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The term abdominal surgery broadly covers surgical procedures that involve opening the abdomen (laparotomy). Surgery of each abdominal organ is dealt with separately in connection with the description of that organ (see stomach, kidney, liver, etc.) Diseases affecting the abdominal cavity are dealt with generally under their own names (e.g. appendicitis).
The most common abdominal surgeries are described below.
- Appendectomy—Surgical opening of the abdominal cavity and removal of the appendix. Typically performed as definitive treatment for appendicitis, although sometimes the appendix is prophylactically removed incidental to another abdominal procedure.
- Caesarean section (also known as C-section) is a surgical procedure in which one or more incisions are made through a mother's abdomen (laparotomy) and uterus (hysterotomy) to deliver one or more babies, or, rarely, to remove a dead fetus.
- Inguinal hernia surgery—This refers to the repair of an inguinal hernia.
- Exploratory laparotomy—This refers to the opening of the abdominal cavity for direct examination of its contents, for example, to locate a source of bleeding or trauma. It may or may not be followed by repair or removal of the primary problem.
- Laparoscopy—A minimally invasive approach to abdominal surgery where rigid tubes are inserted through small incisions into the abdominal cavity. The tubes allow introduction of a small camera, surgical instruments, and gases into the cavity for direct or indirect visualization and treatment of the abdomen. The abdomen is inflated with carbon dioxide gas to facilitate visualization and, often, a small video camera is used to show the procedure on a monitor in the operating room. The surgeon manipulates instruments within the abdominal cavity to perform procedures such as cholecystectomy (gallbladder removal), the most common laparoscopic procedure. The laparoscopic method speeds recovery time and reduces blood loss and infection as compared to the traditional "open" method.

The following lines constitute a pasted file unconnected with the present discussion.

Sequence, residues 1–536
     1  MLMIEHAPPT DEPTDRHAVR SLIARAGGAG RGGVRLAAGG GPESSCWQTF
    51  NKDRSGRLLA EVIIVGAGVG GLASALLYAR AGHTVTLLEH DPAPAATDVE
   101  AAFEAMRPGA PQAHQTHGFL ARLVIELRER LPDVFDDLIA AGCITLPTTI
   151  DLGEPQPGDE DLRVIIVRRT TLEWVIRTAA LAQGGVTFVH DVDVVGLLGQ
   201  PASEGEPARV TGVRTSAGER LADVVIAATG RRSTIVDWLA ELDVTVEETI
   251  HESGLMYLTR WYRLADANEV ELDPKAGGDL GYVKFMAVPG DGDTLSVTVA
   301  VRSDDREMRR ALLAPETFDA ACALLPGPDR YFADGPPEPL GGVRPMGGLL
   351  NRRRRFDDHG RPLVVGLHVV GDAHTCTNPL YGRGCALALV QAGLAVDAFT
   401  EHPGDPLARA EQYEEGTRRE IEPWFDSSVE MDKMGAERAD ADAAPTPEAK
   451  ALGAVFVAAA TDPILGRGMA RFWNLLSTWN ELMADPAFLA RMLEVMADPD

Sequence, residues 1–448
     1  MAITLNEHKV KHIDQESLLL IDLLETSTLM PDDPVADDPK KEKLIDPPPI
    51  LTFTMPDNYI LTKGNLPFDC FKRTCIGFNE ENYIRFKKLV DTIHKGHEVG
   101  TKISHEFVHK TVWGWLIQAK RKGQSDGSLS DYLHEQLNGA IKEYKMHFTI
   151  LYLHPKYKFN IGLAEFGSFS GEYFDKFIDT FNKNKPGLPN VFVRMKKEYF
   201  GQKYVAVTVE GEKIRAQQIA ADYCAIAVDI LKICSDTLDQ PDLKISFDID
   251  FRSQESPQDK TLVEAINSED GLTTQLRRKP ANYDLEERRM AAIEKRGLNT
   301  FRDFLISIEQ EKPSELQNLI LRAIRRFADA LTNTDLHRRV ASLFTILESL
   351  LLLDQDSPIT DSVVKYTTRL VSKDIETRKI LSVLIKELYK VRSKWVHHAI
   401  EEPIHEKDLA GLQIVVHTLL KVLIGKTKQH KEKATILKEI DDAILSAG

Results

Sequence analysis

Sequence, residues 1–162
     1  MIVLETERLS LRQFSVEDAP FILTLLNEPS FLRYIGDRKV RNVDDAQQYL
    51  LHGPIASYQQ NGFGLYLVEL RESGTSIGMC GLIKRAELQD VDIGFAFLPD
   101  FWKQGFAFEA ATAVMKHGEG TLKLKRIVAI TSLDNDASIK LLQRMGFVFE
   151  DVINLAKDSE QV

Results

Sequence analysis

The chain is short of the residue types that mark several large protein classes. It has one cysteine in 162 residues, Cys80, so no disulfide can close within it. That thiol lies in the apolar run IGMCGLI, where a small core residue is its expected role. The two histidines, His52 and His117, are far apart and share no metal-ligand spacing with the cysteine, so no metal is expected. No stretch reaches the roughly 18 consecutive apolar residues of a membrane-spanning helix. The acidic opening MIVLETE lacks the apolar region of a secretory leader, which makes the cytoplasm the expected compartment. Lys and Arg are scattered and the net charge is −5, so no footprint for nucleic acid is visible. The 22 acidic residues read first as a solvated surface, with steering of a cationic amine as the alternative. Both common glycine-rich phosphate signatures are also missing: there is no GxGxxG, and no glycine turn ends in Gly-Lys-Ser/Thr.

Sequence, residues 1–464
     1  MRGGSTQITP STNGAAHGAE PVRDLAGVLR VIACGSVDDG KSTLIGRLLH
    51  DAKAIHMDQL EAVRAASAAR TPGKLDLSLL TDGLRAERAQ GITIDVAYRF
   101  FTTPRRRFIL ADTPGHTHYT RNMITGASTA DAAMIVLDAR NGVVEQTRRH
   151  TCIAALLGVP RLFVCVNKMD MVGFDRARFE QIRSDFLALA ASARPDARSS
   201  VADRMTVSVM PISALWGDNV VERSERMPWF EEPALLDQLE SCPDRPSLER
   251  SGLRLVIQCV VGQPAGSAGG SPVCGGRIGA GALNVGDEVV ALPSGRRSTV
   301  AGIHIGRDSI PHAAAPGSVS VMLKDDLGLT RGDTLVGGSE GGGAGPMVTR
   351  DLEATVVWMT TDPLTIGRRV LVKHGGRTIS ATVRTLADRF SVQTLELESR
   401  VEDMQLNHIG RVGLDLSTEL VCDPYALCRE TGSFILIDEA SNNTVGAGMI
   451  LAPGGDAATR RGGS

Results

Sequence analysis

Complications of abdominal surgery include, but are not limited to:
- Adhesions (also called scar tissue): Complications of postoperative adhesion formation are frequent, they have a large negative effect on patients’ health, and increase workload in clinical practice
- Paralytic ileus (sometimes called ileus): short-term paralysis of the bowel
- Perioperative mortality (death)
Sterile technique, aseptic post-operative care, antibiotics, use of the WHO Surgical Safety Checklist, and vigilant post-operative monitoring greatly reduce the risk of these complications. Planned surgery performed under sterile conditions is much less risky than that performed under emergency or unsterile conditions. The contents of the bowel are unsterile, and thus leakage of bowel contents, as from trauma, substantially increases the risk of infection.
Globally, there are few studies comparing perioperative mortality following abdominal surgery across different health systems. One major prospective study of 10,745 adult patients undergoing emergency laparotomy from 357 centres in 58 high-, middle-, and low-income countries found that mortality is three times higher in low- compared with high-HDI countries even when adjusted for prognostic factors. In this study the overall global mortality rate was 1·6 per cent at 24 hours (high 1·1 per cent, middle 1·9 per cent, low 3·4 per cent; P < 0·001), increasing to 5·4 per cent by 30 days (high 4·5 per cent, middle 6·0 per cent, low 8·6 per cent; P < 0·001). Of the 578 patients who died, 404 (69·9 per cent) did so between 24 h and 30 days following surgery (high 74·2 per cent, middle 68·8 per cent, low 60·5 per cent). Patient safety factors were suggested to play an important role, with use of the WHO Surgical Safety Checklist associated with reduced mortality at 30 days.
Taking a similar approach, a unique global study of 1,409 children undergoing emergency laparotomy from 253 centres in 43 countries showed that adjusted mortality in children following surgery may be as high as 7 times greater in low-HDI and middle-HDI countries compared with high-HDI countries, translating to 40 excess deaths per 1000 procedures performed in these settings. Internationally, the most common operations performed were appendectomy, small bowel resection, pyloromyotomy and correction of intussusception. After adjustment for patient and hospital risk factors, child mortality at 30 days was significantly higher in low-HDI (adjusted OR 7.14 (95% CI 2.52 to 20.23), p<0.001) and middle-HDI (4.42 (1.44 to 13.56), p=0.009) countries compared with high-HDI countries.
|Wikisource has the text of the 1911 Encyclopædia Britannica article Abdominal surgery.|
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